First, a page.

A few days ago I suggested that Vice Admiral Mark Norman has been made a scapegoat in a strange prosecution for breach of trust. His lawyers have named the person who actually may have leaked the cabinet confidence ~ they suggest that it was Mathew Matchett, then a civil servant in the Atlantic Canada Opportunities Agency, who leaked the Memorandum to Cabinet (which is, indeed, a document that requires very special, very private handling and which must be kept, by civil servants and by any military officers who might (rarely) have access to it, very confidential) to a lobbyist. It appears that there were six separate leaks but little if any evidence that Admiral Norman was involved in any of them.

I800px-Jody_Wilson-Raybould_(cropped) think it is now high time for Canada’s Justice Minister Jody Wilson-Raybould PC QC MP to step up and act in the national interest, in the interest of justice, I believe, and in the best political interests of the Liberal Party of Canada.

I believe that Minister Wilson-Raybould should to tell Canadians that:

  • Many of the documents that Ms Marie Henein, Admiral Norman’s lead lawyer, wants the government to release are, in fact, of a nature that requires that they remain strictly confidential because the very nature of cabinet government depends upon public servants being able to provide the cabinet with frank, factual information, some of which, if released, even in a serious court case, might be very damaging to people, to Canadian corporations and to the national interest; but
  • She understands that Admiral Norman is entitled to a proper defence and she agrees that the documents would help, some might even be essential with/for that; and
  • Therefore, since she cannot, in good conscience, release all the documents Admiral Norman needs and since he has a right to a fair trial and will, likely, not receive one without those documents, she has ordered that all charges against Vice Admiral Norman be dropped.

Ms Wilson-Raybould should also tell Canadians that Minister Brison was quite correct to say that the leak of cabinet confidences makes it difficult for government to do its job properly, but it appears, to her, that some officials in the Canadian Armed Forces, the Royal Canadian Mounted Police and in her own department may have overreacted and even rushed to judgement.

The Justice Minister should say that she concludes that Mark Norman was wrongfully or, at least, very prematurely accused, and was, then, wrongfully dismissed from his post as Vice Chief of the Defence Staff and he cannot now receive a fair trial and must be presumed to have been wrongfully charged, too. She will, she should tell Canadians, therefore, offer a generous financial settlement to Admiral Norman ~ certainly several million dollars ~ to compensate him for the damage done to his reputation and to his future prospects.

It would be a big, but I suspect short-lived political climbdown for Team Trudeau, which hates to admit that it might ever have been even slightly wrong about anything, but it the-new-chief-3would be the just and, I suspect, politically savvy thing to do. She can lay the blame off on mostly unnamed officials; it would be, briefly, embarrassing for a few nameless, faceless RCMP investigators and for General Jonathan Vance, the Chief of the Defence Staff, who actually did dismiss VAdm Norman ~ but he’s a tough guy and he can take the heat …. but far less embarrassing to the government than the acquittal of Senator Mike Duffy was to the Harper government, and I think that is the level of risk that the Liberals face with this case.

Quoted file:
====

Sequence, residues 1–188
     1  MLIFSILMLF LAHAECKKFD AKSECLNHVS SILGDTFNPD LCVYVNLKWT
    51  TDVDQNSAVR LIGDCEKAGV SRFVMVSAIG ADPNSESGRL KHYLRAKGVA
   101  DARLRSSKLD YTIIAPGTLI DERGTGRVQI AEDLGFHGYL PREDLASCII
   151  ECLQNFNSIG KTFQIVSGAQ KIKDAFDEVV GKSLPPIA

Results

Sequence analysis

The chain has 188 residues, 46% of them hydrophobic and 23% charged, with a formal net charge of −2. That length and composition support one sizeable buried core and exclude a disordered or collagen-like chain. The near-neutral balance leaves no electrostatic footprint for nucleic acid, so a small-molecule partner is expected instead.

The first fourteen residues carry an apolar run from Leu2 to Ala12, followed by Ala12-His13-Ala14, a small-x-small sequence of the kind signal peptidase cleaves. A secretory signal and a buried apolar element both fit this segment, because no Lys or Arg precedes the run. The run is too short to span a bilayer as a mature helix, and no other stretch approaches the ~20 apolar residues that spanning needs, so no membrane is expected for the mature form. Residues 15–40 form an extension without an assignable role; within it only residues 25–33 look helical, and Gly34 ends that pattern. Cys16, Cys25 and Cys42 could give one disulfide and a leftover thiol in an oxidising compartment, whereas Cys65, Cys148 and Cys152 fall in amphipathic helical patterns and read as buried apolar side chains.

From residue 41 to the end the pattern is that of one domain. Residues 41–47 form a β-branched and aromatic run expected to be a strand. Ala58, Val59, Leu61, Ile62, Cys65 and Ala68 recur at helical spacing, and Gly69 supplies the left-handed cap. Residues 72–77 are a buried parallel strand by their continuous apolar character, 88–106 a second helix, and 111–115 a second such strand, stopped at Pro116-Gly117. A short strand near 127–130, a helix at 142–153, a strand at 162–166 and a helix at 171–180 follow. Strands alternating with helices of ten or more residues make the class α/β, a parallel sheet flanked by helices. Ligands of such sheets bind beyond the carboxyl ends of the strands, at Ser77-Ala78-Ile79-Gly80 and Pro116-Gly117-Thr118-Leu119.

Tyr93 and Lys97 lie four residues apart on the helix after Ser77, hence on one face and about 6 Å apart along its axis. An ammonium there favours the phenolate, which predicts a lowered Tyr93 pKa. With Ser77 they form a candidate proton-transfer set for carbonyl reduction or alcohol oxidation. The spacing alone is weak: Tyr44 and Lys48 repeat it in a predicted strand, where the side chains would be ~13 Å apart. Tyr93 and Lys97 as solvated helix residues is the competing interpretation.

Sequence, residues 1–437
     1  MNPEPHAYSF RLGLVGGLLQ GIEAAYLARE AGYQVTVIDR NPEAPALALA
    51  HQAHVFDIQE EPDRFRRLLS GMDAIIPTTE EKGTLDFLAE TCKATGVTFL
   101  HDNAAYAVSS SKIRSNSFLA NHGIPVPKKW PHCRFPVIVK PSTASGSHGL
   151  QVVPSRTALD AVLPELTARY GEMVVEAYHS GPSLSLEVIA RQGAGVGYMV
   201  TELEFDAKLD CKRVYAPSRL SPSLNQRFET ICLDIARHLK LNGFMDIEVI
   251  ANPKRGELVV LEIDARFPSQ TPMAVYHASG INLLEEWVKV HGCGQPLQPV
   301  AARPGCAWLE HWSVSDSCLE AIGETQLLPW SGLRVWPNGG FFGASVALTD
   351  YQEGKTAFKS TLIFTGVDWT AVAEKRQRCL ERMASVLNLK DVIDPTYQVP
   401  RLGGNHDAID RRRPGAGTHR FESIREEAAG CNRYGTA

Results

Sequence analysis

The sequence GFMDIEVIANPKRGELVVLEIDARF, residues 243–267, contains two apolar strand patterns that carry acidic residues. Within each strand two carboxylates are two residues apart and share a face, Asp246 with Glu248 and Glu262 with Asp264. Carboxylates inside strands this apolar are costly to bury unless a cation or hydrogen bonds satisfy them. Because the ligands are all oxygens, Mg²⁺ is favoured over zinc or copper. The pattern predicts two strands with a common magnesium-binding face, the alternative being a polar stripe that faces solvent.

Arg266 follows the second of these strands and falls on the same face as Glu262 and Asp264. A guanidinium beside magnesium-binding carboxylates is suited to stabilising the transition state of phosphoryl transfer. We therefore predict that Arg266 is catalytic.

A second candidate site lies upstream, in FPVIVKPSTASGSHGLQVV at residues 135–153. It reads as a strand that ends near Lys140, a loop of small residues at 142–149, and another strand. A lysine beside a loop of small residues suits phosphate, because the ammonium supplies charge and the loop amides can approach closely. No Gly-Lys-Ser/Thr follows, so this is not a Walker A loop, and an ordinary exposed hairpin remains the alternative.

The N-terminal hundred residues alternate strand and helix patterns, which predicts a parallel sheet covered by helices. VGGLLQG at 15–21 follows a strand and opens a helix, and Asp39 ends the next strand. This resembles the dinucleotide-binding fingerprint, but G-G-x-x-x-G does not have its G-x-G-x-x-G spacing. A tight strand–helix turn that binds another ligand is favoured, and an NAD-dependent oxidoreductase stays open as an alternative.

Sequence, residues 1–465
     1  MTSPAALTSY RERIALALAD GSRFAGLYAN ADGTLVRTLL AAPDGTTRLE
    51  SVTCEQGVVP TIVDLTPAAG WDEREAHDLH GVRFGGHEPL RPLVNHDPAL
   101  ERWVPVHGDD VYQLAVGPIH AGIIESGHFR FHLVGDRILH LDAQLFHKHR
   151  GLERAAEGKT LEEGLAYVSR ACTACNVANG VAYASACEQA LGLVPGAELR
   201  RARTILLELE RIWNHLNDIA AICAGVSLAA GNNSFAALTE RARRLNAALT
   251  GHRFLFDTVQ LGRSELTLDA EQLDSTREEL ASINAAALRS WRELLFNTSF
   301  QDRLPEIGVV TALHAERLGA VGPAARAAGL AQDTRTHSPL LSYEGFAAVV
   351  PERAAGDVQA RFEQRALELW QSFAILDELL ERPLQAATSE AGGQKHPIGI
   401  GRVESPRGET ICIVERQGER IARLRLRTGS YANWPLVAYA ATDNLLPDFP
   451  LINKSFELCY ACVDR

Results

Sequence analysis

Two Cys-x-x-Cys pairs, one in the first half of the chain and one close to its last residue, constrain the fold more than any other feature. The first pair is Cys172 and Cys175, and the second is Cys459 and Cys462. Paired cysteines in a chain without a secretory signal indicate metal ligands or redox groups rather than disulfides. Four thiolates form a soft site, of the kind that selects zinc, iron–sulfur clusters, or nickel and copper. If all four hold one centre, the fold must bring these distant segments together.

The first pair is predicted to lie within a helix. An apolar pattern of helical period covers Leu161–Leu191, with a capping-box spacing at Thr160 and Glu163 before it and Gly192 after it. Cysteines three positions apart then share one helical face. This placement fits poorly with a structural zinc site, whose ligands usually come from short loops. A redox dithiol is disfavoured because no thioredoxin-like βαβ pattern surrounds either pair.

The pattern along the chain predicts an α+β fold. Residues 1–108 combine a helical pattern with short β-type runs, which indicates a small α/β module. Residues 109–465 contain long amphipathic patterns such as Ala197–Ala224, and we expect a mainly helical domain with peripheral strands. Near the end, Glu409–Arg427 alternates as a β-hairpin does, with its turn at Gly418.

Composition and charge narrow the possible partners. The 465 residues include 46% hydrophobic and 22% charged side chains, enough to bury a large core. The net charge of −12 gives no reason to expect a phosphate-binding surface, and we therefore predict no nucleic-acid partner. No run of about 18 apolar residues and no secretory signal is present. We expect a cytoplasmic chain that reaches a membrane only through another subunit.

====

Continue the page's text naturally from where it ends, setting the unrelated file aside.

That what I think Ms Wilson-Raybould, who is, after all, Canada’s Justice minister, should do, but this is Justin Trudeau’s government so what it will do is anyone’s guess.

Published by Ted Campbell

Old, retired Canadian soldier, Conservative ~ socially moderate, but a fiscal hawk. A husband, father and grandfather. Published material is posted under the "Fair Dealing" provisions (§29) of the Copyright Act for the purposes of research, private study and education.

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  1. There are many moving parts to this story. Some that we hear about every day in the news and some that play out behind the scenes. The usual suspects are the other Canadian shipyards who claim they could have offered a better, or at least similar, product had they been given a chance. Even though they are struggling to keep up with their current naval shipbuilding projects. There is the Liberal Goverment, anxious to appease the voters in areas that recently elected them. Numerous Goverment issues such as family ties, strong friendships, company lobbyists, perceived electoral obligations, etc., that need to be dealt with. Add to that the usual mix of Governing Party infighting, departmental battles, and oversize egos and it can be difficult to determine what is the real issue.

    The two parties to this drama, that rarely get the consideration they deserve, are the military itself and the Canadian taxpayer. Surely the Canadian taxpayer should expect a reasonable timeline to receive a good product for a fair price. A rare occurrence in the drawn out process of Canadian Military procurement. The Navy desperately needed this ship. Canada has been barely able to keep this skill set current by using supply ships borrowed from Chile and Spain.

    This drawn out drama will eventually lead to three conclussions. The Navy received the supply ship they desperately needed. Although you rarely hear about it in the Canadian news the supply ship has been very active in oceans all over the globe and is living up to expectations. The Canadian taxpayer paid for a military procurement that was delivered on time and on budget. Vice Admiral Norman ultimately “took one for the team”.

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